Intraarticular pressure is about -4 mmHg in the resting normal knee and this pressure falls farther when the quadriceps muscle contracts. The difference between atmospheric pressure on overlying tissues and subatmospheric values within the joint helps to hold the joint members together and thus provides a stabilizing force. In a pathologic effusion, however, the resting pressure is above that of the atmosphere and it rises farther when surrounding muscles contract. Thus, reversal of the normal pressure gradient is an additional destabilizing factor in joints with effusions.
How are joints lubricated?
Synovial joints act as mechanical bearings that facilitate the work of the musculoskeletal machine. As such, normal joints are remarkably effective with coefficients of friction lower than those obtainable with manufactured journal bearings. Furthermore, the constant process of renewal and restoration ensures that living articular tissues have a durability far superior to that of any artificial bearing. No artificial joint can equal the performance of a normal human joint.
The mechanics of joint lubrication have provided a focus of investigation beginning with the unique structure of the bearing surface. Articular cartilage is elastic, fluid-filled and backed by a relatively impervious layer of calcified cartilage and bone. This means that load-induced compression of cartilage will force interstitial fluid to flow laterally within the tissue and to surface through adjacent cartilage. As that area in turn becomes load bearing, it is partially protected by the newly expressed fluid above it. This is a special form of hydrodynamic lubrication so-called because the dynamic motion of the bearing areas produces an aqueous layer that separates and protects the contact points.
Boundary layer lubrication is the second major low-friction characteristic of normal joints. Here the critical factor is proposed to be a small glycoprotein called lubricin. The lubricating properties of this synovium-derived molecule are highly specific and depend on its ability to bind to articular cartilage where it retains a protective layer of water molecules. Lubricin is not effective in artificial systems and thus does not lubricate artificial joints.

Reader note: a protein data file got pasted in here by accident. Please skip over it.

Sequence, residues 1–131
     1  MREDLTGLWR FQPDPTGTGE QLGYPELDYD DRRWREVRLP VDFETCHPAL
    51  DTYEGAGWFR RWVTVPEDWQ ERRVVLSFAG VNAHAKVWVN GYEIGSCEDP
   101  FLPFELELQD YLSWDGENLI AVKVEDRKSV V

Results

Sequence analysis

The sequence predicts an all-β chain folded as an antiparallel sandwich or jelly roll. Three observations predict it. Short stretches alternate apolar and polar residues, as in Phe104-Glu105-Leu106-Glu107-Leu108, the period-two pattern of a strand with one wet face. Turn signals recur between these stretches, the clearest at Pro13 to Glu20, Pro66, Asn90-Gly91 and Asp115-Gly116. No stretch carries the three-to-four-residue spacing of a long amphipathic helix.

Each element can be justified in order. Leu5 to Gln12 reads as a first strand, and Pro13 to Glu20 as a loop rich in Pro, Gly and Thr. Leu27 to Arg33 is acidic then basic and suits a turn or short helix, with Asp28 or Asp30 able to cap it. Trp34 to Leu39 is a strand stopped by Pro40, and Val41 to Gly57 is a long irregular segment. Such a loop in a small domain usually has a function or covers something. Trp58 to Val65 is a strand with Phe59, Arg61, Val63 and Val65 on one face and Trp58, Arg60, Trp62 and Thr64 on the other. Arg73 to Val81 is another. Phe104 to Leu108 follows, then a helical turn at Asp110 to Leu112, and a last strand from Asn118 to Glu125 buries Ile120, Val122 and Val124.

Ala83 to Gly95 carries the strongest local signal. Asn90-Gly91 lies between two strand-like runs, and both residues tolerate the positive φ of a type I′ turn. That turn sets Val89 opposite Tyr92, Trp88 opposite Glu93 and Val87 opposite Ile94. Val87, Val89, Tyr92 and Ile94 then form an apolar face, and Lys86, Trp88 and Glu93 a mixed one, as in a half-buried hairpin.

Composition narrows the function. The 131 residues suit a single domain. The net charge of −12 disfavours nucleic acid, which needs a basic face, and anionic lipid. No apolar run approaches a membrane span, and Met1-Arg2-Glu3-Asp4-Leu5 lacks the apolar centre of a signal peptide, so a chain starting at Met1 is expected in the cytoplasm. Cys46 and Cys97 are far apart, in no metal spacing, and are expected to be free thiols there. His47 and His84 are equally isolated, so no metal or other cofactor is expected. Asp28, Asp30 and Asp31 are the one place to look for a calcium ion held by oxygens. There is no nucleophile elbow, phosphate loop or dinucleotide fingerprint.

Other lubricating mechanisms have been proposed; some remain under investigation. Interestingly, hyaluronic acid, the molecule that makes synovial fluid viscous (synovia means "like egg white") has largely been excluded as a lubricant of the cartilage-on-cartilage bearing. Instead, hyaluronate lubricates a quite different site of surface contact-that of synovium on cartilage. The well-vascularized, well-innervated synovium must alternately contract and then expand to cover non-loaded cartilage surfaces as each joint moves through its normal range of motion. This process must proceed freely. Were synovial tissue to be pinched, there would be immediate pain, intraarticular bleeding and inevitable functional compromise. The rarity of these problems testifies to the effectiveness of hyaluronate-mediated synovial lubrication.
Joint popping and cracking
Why do joints make popping or cracking noises?
Joints can make different noises--some are serious and some are not.
Some people learn how to "pop their knuckles." By pushing or pulling a joint in a certain way, an air bubble can suddenly appear in the joint with a "pop." Once the bubble is there, the joint cannot be popped again until the air has been reabsorbed.
Some joints crack as the ligaments and tendons that pass over them slide past bumps on the bones. Individuals who "crack their neck" make noise in this way.
Other joints lock up intermittently--often with a loud pop--because something gets caught in between the joint surfaces. A torn cartilage in the knee or a loose piece of bone or cartilage in the joint can do this. Once a joint is stuck in this way, it may need to be wiggled around to unlock it. This may also cause a pop.
Finally, joints that are arthritic may crack and grind. These noises usually occur each time the joint is moved. This noise is due to the roughness of the joint surface due to loss of the smooth cartilage.
Some of this material adapted from a chapter in the "Primer on the Rheumatic Diseases" originally prepared by Peter A. Simkin, M.D.
Some of this material adapted from information originally prepared for the Arthritis Foundation.
This material is protected by copyright.